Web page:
All posts tagged: memoir

Writer, Queer

This morning, I woke up in time—before I had to start rushing for work, before the heat turned us both into puddles—to actually take my dog on a decent walk. Titus, a corgi, loves gallivanting through his territory, a little Napoleon up against the big dogs who roll over in his presence. He loves people, especially if they have food, and he loves finding their leftovers in the grass, often gulping them down before I can stop him. As a kid, the only family dog I remember well enough to have had a bond with was a mutt named Tristan—with the colorings of a German Shepherd and the floppy ears of a Golden Retriever, plus the curly tail of a Shiba Inu, he had the attention span of a third-grader on Koolaid. While Titus’ favorite activity on walks is sucking up anything remotely edible like a vacuum sucking up Cheerios under a toddler’s high-chair, my childhood dog Tristan lived to chase cute little woodland creatures. He’d run from window to window in our house, slobbering …

And Thus Concludes…

…the classroom portion of our MFA entertainment package. Last Thursday I attended the last session of my last class for my MFA. It hasn’t quite sunk in yet, but I’m done with my classes. Forever. My mind cannot fully comprehend how quickly two years can fly past. That does not, however, mean I’m ready to graduate because I still have to finish my thesis. I had hoped to have that done by now, as well, but this semester turned out differently than I had planned. Don’t they always?

March Forth

March 4th. Yesterday’s date happens to be my sister’s birthday but it is also a message, as I learned on Facebook (the oracle of our times) when someone pointed out that it is the only day of the year that gives you direction: march forth. That sort of sums up how I feel at the moment, that I’m in a “chop wood, carry water” phase of just keeping it all moving forward. March forth.

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Meeting Alison Bechdel, WUSTL’s Visiting Hurst Professor in Nonfiction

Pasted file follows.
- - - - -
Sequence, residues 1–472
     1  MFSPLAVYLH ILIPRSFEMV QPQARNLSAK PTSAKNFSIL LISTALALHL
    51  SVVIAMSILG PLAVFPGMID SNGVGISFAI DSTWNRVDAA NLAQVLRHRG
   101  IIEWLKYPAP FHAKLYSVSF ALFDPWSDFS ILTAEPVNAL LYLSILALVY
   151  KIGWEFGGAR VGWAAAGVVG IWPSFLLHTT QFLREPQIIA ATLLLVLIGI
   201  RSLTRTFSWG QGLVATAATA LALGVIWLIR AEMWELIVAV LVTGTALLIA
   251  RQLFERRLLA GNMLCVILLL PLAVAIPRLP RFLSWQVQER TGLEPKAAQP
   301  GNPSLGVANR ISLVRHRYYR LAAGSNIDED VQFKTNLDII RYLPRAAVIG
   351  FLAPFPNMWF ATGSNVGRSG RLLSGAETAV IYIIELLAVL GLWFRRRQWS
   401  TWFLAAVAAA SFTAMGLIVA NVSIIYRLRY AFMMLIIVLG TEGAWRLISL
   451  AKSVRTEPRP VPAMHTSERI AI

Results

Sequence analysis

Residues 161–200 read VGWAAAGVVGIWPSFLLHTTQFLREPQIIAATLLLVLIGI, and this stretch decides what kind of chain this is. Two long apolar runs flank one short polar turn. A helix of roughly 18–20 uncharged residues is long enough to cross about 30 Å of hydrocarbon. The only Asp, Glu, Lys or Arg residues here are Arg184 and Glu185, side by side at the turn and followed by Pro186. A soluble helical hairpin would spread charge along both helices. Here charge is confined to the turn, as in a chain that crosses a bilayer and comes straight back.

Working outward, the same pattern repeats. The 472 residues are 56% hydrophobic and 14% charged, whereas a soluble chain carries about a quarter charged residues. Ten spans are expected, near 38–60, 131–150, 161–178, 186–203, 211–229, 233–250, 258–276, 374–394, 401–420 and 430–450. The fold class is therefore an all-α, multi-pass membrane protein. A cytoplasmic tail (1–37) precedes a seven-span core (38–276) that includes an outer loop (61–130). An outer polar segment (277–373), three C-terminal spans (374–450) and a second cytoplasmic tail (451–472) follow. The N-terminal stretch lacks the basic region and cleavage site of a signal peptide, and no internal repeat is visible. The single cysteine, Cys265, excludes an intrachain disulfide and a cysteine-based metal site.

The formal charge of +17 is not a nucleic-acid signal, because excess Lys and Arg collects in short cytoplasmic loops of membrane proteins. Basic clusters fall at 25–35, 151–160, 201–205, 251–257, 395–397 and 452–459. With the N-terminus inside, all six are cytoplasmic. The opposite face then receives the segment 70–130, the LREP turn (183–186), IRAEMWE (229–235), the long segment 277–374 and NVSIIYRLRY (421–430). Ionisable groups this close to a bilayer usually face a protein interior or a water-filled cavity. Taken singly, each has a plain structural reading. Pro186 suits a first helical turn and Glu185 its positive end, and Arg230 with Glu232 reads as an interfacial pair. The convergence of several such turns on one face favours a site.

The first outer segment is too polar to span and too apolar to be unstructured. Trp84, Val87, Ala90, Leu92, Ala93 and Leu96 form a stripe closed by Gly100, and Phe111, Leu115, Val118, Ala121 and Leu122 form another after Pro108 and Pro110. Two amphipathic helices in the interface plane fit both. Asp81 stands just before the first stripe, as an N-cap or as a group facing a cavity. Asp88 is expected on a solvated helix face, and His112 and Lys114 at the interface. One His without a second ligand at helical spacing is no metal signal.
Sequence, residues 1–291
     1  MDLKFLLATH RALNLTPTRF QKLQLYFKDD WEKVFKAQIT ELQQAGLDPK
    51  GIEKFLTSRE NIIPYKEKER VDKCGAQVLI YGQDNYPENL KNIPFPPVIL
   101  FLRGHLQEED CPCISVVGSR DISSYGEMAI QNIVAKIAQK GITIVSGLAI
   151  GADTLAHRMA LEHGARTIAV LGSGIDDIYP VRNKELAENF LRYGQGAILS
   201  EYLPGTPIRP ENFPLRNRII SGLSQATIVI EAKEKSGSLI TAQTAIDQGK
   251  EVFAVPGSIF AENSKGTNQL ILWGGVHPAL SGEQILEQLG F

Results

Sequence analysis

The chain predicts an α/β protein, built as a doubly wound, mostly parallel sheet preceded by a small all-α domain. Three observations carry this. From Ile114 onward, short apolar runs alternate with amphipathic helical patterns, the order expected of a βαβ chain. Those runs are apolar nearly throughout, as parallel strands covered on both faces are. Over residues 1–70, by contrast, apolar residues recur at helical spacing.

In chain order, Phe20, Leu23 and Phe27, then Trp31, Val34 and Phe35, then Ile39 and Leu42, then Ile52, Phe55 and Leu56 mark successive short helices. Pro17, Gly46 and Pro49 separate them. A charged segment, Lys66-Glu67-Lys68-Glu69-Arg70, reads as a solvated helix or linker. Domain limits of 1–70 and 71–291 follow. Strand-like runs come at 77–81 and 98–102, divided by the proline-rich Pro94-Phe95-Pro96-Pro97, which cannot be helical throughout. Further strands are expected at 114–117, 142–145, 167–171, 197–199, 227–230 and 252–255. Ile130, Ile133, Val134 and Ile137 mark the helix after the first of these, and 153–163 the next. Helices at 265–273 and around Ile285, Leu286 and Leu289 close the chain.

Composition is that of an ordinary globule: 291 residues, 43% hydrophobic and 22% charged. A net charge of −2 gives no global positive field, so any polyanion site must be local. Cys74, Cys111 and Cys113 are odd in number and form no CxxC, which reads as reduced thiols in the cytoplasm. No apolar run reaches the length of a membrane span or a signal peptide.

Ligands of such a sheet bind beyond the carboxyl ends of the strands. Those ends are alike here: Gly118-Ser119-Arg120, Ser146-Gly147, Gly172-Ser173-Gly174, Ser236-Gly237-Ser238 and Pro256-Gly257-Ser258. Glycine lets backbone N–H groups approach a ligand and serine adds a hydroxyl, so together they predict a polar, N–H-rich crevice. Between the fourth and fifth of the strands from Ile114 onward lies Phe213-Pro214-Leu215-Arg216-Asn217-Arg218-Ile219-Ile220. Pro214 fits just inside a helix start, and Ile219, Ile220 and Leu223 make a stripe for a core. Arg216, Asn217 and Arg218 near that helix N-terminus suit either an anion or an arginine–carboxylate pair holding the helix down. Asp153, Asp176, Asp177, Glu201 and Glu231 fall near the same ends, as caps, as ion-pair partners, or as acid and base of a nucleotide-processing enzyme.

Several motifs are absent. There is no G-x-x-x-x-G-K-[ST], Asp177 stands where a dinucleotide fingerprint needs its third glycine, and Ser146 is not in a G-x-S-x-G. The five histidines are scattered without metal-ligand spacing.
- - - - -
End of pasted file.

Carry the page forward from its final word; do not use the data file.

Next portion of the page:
Photo Credit: David Blank   Something that really excited me about WUSTL’s MFA program was its impressive rotation of visiting writers. In nonfiction this semester alone we hosted readings from Dinty W. Moore, who also visited one of our graduate classes; and Meghan Daum, who led a small discussion workshop prior to her talk. Hurst Visiting Professors spend even more time with us: we invite one writer per genre per semester to present a craft talk and/or reading, read student manuscripts, and meet with students one-on-one. This semester, our poets met with Claudia Rankine, and our fiction students met with Joy Williams. Being the inaugural year of nonfiction, I didn’t know who WUSTL would be able to bring in. When I found out that our Hurst was Alison Bechdel, I felt pretty embarrassed that I didn’t know who she was. As my partner put it to me, “How do you not know who Alison Bechdel is?” I blame a few things: my somewhat isolated and closeted life growing up in a little bitty farm town …

Week Five: Return to Zero

Image: Aikawa Ke I wish I could tell you my feelings of insecurity and worry have gone away. That I’ve come to learn that I not only belong here, but was accepted to Stony Brook Southampton. While the notion of belonging is getting better now that I’ve made a few friends, I still have trouble accepting my acceptance. For me, being in an MFA program feels like going to the gym.  I am convinced everyone is looking at me – judging how much I lift, wondering why I don’t increase the resistance on the treadmill, snickering at my Old Navy compression pants. But no one is actually looking at me. Over the past few weeks, I’ve finally gotten into a routine. I write two hours a day, every day. Thursdays are for homework. I go grocery shopping on Saturday morning, and cook on Sundays.  Evenings are for reading. Last week, the routine went to shit. A requirement of the MFA program at Stony Brook Southampton is the Intro to Graduate Writing Course. If you asked me about …

Year Two: Two Weeks In

And so it begins – Year Two of my MFA – with homework piled sky-high. I’ve been describing it to people like this: Year One was like learning how to plan a fabulous, fun-filled, memorable vacation. Year Two appears to be more like learning how to build your own airplane. From scratch. With your bare hands. As I write this (and yes, procrastinate on homework for a while) I am thinking about all of the assignments due before my next class meetings. The list looks something like this: